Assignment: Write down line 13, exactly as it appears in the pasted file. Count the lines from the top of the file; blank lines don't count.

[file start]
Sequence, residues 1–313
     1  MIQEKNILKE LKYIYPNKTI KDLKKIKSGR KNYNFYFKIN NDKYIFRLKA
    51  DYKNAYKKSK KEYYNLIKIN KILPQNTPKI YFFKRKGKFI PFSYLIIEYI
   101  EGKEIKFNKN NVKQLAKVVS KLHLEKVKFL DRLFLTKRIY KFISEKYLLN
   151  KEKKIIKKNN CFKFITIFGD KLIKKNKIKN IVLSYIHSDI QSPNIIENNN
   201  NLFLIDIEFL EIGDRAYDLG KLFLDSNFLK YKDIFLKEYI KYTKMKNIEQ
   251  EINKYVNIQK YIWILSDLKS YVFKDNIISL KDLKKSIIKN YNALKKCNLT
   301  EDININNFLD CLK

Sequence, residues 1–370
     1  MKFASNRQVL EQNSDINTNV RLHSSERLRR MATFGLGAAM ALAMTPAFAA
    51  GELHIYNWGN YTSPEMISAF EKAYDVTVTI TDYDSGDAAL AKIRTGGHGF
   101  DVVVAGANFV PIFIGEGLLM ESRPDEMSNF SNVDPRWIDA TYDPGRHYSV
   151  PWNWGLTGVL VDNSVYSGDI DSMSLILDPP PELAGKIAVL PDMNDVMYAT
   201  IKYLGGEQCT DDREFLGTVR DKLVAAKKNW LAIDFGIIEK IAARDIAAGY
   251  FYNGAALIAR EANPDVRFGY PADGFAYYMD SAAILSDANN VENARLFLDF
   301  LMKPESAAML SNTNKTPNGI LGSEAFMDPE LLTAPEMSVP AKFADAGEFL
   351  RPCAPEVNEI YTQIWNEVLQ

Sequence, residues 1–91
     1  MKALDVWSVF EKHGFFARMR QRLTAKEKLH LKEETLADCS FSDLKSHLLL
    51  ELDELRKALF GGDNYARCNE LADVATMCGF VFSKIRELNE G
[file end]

   151  PWNWGLTGVL VDNSVYSGDI DSMSLILDPP PELAGKIAVL PDMNDVMYAT